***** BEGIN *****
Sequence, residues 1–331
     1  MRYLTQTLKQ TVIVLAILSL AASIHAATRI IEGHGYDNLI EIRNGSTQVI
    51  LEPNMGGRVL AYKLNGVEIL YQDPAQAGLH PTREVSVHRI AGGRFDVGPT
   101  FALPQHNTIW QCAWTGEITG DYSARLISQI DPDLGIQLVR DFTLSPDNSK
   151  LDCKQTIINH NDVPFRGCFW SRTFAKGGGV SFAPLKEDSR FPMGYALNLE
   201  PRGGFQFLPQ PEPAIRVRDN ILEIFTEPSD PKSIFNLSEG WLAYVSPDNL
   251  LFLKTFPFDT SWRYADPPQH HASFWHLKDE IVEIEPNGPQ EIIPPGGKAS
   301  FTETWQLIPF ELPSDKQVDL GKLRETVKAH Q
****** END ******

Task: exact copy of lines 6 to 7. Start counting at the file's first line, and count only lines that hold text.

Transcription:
   201  PRGGFQFLPQ PEPAIRVRDN ILEIFTEPSD PKSIFNLSEG WLAYVSPDNL
   251  LFLKTFPFDT SWRYADPPQH HASFWHLKDE IVEIEPNGPQ EIIPPGGKAS